Editorial: My fax to the Assembly Appropriations Committee on AB1991

Editorial

Posted by on Mon, May 19, 2008

Thanks to Kevin Lansing to reminding us to fax our objections on AB1991 to the Assembly Appropriations Committee. I’m not typically a writer-to-legislators. But this morning, I faxed the following message to Chairman Mark Leno.

Dear Chair Leno and Members of the Appropriations Committee:

I urge that the Appropriations Committee reject AB1991.  I publish a news website in coastal San Mateo County. I am writing as a resident of the community affected by AB1991 who has been following the lawsuit and settlement since the beginning.

There are a host of reasons why the bill should be rejected and I urge you especially to consider the detailed and thoughtful objections of the Coastal Commission, the state agency empowered to understand these issues. I want to focus on four particularly egregious problems with the law.

     

  • AB1991 implements a secretly-negotiated settlement that ignored important public stakeholders. The city of Half Moon Bay and the developer wrote the settlement to divide its advantages between themselves. No stakeholders from the community, Coastal Commission, environmental organizations, or state agencies directly affected by the settlement were consulted.
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  • AB1991 is a template for selling exemptions from the law. In exchange for forgiving a debt that Half Moon Bay agreed to take on, a developer will be exempted from a host of local and state environmental, planning, and coastal access laws. AB1991 is a bad law that cannot be written in such a way as to not serve as a model for future legislation.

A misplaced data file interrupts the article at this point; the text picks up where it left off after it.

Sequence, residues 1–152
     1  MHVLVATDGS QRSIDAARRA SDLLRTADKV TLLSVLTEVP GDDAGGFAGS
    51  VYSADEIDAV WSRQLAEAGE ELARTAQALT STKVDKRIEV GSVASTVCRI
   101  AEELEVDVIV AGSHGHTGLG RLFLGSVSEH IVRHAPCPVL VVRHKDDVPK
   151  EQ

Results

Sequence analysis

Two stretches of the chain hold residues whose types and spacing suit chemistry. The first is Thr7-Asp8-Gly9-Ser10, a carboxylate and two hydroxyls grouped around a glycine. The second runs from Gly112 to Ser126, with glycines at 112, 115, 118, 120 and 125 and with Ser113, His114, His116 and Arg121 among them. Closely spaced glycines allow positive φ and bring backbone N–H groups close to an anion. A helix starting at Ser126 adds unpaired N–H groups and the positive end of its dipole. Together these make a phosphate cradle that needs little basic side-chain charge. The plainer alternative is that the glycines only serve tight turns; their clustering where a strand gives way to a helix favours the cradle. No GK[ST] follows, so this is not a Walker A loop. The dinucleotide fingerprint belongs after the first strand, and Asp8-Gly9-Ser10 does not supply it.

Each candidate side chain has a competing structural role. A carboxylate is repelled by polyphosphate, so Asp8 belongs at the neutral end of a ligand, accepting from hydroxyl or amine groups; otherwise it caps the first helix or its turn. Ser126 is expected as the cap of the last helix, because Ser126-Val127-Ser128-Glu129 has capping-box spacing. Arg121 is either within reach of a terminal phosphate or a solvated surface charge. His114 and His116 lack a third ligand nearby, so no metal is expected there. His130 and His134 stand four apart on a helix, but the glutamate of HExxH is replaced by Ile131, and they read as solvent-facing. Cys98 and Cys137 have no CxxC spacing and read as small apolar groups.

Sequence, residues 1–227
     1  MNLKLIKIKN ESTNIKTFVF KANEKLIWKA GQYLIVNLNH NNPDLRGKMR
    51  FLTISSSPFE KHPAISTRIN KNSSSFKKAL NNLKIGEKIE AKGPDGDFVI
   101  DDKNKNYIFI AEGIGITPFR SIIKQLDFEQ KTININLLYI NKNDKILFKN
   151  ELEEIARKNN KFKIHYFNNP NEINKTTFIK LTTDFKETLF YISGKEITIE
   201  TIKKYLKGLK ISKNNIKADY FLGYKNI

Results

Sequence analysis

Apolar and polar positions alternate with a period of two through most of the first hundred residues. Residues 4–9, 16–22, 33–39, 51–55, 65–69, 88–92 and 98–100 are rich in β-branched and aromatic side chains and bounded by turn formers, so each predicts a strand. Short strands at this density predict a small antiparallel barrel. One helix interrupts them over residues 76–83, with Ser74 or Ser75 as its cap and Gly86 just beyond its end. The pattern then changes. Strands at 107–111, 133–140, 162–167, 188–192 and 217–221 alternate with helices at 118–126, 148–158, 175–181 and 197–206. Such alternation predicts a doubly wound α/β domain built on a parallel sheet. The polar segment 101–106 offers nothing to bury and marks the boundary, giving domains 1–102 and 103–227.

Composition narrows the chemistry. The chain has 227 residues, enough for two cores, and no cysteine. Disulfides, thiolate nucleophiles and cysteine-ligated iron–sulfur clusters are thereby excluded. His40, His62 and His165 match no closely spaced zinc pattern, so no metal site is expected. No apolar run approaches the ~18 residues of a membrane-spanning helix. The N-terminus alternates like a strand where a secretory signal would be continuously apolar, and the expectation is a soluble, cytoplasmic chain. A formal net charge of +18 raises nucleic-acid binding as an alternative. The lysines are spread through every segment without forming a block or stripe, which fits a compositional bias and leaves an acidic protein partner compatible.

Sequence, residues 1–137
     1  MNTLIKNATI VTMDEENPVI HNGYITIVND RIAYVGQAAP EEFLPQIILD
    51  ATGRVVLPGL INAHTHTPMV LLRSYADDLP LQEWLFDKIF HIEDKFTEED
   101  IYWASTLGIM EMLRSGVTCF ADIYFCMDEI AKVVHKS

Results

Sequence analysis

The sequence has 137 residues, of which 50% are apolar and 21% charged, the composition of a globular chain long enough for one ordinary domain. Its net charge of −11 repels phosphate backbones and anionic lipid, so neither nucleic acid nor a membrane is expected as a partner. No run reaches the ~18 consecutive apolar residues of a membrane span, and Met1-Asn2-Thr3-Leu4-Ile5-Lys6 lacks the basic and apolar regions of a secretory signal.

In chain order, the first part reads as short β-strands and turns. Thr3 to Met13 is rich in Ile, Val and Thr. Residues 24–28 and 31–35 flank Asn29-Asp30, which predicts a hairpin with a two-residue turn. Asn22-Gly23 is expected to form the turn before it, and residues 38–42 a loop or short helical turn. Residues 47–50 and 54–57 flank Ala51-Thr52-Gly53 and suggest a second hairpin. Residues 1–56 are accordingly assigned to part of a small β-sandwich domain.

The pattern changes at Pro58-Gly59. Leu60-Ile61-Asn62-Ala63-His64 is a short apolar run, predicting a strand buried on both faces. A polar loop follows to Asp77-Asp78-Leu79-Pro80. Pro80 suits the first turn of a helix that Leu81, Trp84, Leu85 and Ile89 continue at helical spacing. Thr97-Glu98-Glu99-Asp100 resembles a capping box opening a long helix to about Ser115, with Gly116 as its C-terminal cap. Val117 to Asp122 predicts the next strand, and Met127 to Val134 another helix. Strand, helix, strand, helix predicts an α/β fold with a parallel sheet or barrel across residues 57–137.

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  • AB1991 arbitrarily exempts a second property with significant environmental issues. Glencree, which was not a part of the original federal judgment, has not been properly assessed for wetlands or endangered species habitat. It was included for no reason other than that the developer wanted it.
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  • Half Moon Bay refuses to acknowledge that its actual cost will be significantly less than $18 million. Half Moon Bay will hardly be bankrupt if AB1991 fails. The city will be able to develop as many as 30 or more lots on the property, once it takes possession. Why has the city not provided the Assembly with an independent appraisal of their actual net costs?

Thank you for your consideration, and I hope you will consider the needs of all the citizens of California and not simply the city and developer in this matter.

Sincerely,
Barry Parr


I wrote the Leno for Senate Campaign to register my opposition to AB 1991 and seek Mr. Leno’s position on the bill. The response from a staffer was “Mr.Leno opposes the bill as written. Thank you for your inquiry.”

However, some believe that Mark will respond to public pressure and do the right thing.

There’s still time to fax him at 916-319-2113.